In this month's roundup, we discuss Google's new algorithm update, a world without memes and we take a look back on some of the best and worst World Cup marketing stunts.
Google’s Speed Update
The forever moving Google has just announced a new algorithm update, which has a main focus on your mobile websites speed. In recent times, there has been a push for all website's to become mobile ‘friendly’ in preparation for Google’s Mobile Index. So, it’s not a surprise to hear of a new update solely focused on mobile sites.
The disruption is supposedly going to be undetectable, from Google’s Webmaster forum: “The ‘Speed Update’ will only affect pages that deliver the slowest experience to users and applies the same standard to all pages, regardless of the technology used to build the page. The intent of the search query is still a very strong signal, so a slow page may still rank highly if it has great, relevant content. We encourage developers to think broadly about how performance affects a user’s experience of their page and to consider a variety of user experience metrics.”
If you notice a slight change in your websites rankings, in the next couple of months it would be worthwhile making sure your website’s mobile speed is up to scratch. You can contact us today if you are unsure about anything.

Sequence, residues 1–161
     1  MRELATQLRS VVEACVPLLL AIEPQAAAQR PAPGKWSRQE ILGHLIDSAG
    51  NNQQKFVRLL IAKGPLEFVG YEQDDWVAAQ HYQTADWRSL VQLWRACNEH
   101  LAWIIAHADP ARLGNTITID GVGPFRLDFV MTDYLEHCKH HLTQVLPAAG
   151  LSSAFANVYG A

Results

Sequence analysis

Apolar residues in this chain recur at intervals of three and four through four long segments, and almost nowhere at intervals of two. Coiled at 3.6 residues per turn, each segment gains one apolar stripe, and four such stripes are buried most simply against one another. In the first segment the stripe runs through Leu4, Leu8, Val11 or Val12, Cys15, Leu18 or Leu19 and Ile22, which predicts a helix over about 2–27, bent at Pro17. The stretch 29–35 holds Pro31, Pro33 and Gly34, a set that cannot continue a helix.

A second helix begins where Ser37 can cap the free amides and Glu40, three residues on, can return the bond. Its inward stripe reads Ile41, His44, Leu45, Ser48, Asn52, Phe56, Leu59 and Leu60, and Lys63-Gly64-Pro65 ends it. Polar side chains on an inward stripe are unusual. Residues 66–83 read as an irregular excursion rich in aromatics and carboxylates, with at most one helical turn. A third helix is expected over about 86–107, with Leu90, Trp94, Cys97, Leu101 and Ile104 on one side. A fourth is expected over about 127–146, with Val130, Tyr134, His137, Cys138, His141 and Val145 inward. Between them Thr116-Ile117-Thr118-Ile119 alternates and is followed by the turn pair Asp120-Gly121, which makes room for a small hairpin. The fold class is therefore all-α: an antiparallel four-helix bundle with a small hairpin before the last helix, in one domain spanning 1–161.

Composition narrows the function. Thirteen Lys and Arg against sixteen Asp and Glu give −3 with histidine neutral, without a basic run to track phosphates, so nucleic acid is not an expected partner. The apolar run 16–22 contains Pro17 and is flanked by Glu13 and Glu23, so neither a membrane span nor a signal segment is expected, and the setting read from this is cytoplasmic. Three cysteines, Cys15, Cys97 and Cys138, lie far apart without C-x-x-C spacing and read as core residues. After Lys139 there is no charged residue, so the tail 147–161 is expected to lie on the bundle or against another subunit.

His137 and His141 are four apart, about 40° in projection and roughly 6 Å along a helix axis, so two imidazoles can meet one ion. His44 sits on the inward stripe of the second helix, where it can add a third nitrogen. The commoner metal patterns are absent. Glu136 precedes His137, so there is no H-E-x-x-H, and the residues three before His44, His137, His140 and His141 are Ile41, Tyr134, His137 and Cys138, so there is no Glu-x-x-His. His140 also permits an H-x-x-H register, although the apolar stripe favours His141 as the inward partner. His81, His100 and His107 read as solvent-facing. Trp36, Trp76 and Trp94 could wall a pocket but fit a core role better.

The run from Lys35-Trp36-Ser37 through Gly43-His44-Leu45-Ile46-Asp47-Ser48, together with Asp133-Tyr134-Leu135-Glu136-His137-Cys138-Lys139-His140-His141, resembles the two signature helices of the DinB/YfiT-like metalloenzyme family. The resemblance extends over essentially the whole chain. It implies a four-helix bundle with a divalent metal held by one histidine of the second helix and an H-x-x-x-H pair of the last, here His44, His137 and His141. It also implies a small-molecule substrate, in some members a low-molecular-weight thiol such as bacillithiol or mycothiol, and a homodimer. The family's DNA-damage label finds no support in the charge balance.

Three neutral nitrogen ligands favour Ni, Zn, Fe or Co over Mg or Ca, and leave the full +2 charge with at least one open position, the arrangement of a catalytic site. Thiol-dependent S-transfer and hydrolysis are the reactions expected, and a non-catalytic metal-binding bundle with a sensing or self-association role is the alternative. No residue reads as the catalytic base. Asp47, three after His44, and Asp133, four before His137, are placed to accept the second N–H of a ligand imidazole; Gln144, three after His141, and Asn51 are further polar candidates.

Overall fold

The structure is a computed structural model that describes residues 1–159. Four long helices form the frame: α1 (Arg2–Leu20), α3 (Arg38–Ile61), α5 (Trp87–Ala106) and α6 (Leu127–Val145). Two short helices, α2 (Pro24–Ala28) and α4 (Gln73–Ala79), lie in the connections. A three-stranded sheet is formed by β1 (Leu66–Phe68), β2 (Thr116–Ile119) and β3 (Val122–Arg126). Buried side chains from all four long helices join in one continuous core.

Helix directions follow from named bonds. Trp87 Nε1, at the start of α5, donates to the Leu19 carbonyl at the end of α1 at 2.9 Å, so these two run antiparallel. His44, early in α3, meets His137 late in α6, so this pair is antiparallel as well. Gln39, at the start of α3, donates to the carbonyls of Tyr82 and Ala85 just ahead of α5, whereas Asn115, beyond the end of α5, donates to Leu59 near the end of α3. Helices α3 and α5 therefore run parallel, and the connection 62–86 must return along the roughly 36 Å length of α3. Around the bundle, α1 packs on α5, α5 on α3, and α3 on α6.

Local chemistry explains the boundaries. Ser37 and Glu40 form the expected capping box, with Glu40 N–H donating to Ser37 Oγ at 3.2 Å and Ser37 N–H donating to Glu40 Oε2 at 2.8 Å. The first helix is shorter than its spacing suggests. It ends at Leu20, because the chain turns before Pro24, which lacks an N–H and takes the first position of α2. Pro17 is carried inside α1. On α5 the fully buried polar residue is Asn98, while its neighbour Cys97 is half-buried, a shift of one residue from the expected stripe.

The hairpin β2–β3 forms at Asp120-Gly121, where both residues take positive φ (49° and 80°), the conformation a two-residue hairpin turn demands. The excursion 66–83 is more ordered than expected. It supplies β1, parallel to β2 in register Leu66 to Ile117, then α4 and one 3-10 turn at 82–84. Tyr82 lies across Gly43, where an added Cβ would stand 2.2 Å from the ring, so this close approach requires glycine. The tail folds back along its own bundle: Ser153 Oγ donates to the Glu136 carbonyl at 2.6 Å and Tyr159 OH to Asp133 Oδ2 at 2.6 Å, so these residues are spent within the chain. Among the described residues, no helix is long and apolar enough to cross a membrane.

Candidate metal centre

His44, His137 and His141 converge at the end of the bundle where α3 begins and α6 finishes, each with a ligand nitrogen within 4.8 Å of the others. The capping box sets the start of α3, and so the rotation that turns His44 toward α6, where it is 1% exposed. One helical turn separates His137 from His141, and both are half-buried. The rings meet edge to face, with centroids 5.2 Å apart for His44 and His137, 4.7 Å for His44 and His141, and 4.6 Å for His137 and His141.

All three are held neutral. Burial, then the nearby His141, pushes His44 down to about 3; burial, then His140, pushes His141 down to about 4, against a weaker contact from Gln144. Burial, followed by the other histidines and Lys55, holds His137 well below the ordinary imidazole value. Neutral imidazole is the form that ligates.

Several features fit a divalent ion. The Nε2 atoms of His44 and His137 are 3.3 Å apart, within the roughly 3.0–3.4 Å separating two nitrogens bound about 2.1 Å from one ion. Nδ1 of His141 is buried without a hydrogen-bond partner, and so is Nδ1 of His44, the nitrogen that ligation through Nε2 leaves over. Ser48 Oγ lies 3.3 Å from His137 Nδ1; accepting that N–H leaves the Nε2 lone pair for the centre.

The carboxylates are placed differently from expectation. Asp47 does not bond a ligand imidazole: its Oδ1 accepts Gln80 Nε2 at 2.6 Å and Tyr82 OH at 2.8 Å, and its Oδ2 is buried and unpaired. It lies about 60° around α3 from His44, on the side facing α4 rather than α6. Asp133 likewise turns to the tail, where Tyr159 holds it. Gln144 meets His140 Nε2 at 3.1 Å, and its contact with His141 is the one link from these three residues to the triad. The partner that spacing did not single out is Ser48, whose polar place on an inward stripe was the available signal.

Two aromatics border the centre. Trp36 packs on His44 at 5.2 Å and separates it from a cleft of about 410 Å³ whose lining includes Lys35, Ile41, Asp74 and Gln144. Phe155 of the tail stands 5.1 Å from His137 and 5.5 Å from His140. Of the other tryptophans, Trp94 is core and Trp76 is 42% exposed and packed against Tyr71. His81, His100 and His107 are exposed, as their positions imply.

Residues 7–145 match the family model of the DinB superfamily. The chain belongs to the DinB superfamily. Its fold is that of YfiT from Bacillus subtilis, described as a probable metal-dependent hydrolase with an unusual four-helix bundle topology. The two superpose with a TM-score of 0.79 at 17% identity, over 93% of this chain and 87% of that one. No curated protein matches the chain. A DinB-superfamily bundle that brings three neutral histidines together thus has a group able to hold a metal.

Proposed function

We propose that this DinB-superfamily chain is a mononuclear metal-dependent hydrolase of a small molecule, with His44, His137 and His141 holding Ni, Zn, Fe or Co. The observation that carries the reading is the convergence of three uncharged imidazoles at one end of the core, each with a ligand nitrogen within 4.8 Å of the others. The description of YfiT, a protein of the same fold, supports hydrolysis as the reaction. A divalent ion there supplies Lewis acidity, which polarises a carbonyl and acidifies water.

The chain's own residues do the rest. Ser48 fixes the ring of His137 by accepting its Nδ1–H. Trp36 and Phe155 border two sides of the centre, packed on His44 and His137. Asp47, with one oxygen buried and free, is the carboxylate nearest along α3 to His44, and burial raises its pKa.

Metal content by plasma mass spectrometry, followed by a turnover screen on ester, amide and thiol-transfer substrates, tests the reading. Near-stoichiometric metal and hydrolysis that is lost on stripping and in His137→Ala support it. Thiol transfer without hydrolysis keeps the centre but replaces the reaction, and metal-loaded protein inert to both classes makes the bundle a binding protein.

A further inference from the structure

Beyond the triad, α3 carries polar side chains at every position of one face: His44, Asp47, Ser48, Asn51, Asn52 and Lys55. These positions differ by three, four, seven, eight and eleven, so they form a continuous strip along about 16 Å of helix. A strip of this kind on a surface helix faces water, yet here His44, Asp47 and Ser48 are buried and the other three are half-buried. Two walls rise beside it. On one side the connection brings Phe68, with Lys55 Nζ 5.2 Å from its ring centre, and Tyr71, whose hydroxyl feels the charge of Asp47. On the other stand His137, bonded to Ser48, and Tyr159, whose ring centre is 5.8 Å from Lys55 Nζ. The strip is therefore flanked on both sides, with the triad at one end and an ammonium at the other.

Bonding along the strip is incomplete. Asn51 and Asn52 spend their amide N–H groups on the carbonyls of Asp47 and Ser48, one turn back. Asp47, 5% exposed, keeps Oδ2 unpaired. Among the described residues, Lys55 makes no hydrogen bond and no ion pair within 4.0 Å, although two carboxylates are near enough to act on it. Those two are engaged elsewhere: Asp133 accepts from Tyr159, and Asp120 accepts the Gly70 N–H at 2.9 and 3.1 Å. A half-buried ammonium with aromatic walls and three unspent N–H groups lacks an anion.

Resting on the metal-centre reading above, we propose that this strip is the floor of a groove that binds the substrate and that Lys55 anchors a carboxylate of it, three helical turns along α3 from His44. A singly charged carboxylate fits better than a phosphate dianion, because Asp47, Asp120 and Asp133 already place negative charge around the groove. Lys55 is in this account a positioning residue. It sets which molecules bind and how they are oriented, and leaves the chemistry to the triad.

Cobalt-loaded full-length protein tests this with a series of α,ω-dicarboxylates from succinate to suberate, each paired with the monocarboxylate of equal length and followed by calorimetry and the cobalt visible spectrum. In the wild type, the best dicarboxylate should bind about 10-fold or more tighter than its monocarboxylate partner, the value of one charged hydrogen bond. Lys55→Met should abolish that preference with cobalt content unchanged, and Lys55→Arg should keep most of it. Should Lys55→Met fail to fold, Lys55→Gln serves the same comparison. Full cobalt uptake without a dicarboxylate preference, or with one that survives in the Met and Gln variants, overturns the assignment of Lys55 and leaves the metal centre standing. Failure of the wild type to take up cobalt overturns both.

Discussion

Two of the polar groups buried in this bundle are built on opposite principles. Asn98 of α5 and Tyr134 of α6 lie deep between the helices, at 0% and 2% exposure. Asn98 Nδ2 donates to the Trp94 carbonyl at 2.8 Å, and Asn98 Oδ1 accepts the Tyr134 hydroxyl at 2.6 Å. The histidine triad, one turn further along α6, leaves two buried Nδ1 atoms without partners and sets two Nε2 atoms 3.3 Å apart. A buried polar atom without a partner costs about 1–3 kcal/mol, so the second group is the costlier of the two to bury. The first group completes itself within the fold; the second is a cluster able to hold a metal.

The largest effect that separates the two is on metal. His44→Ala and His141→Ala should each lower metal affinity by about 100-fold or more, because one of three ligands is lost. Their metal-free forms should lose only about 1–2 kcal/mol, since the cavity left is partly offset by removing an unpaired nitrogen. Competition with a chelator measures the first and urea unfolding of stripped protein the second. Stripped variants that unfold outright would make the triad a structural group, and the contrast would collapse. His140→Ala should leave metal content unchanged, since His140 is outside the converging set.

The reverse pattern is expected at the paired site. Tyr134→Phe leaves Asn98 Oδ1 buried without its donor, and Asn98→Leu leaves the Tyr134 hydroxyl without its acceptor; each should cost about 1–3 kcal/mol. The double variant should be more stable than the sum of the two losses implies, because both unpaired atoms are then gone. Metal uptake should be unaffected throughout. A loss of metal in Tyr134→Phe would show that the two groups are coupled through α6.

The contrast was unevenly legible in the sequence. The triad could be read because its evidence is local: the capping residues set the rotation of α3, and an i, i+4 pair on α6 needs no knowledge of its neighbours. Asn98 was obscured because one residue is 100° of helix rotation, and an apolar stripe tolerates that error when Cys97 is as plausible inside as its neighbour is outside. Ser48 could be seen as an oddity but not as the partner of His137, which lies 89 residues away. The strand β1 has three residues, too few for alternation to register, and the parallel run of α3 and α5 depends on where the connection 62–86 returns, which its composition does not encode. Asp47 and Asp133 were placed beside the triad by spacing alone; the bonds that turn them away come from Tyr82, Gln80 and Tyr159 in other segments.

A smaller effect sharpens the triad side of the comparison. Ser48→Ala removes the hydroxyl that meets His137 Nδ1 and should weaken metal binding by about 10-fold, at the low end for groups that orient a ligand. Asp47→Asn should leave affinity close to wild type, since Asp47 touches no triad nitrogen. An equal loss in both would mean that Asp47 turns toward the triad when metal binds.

Could there be a Silver Lining to the Dark Cloud covering the New GDPR?
The introduction of the EU’s new GDPR back in May led to a cull of company’s customer databases, with some reporting a 50%+ reduction.
But could this be a positive? Companies such as L’Oréal and Domino’s think so and are welcoming the new guidelines. They believe that they have created an opportunity for them to have a “good clean up” of their databases.
The new GDPR has essentially ensured all company databases are full of active, consenting customers who are willing and wanting to receive information and promotions from companies.
This has provided two key positives:
- It promotes the idea of a trustworthy brand image; L’Oréal’s chief digital officer stated in an interview with The Drum that “if your relationship with people isn’t based on consent, it’s detrimental to your [brand’s] image”
- Help prevent advertising expenditure being spent unnecessarily and in the wrong places
By using more targeted data, more efficient communication can be achieved.
So really, what has all the fuss been about…?
A World without Memes?!
Internet memes have become a part of most people’s day-to-day lives in recent years, with it being near on impossible to scroll down a social media feed not to find a familiar image accompanied by a witty tagline. However, meme culture came close to becoming a thing of the past.
At the beginning of the month, the EU Parliament voted on a new copyright directive that included the controversial ‘Article 13’. If this article was to be approved, it would require online platforms to enforce tighter regulation over protected content from the copyright holders by preventing the availability of protected works.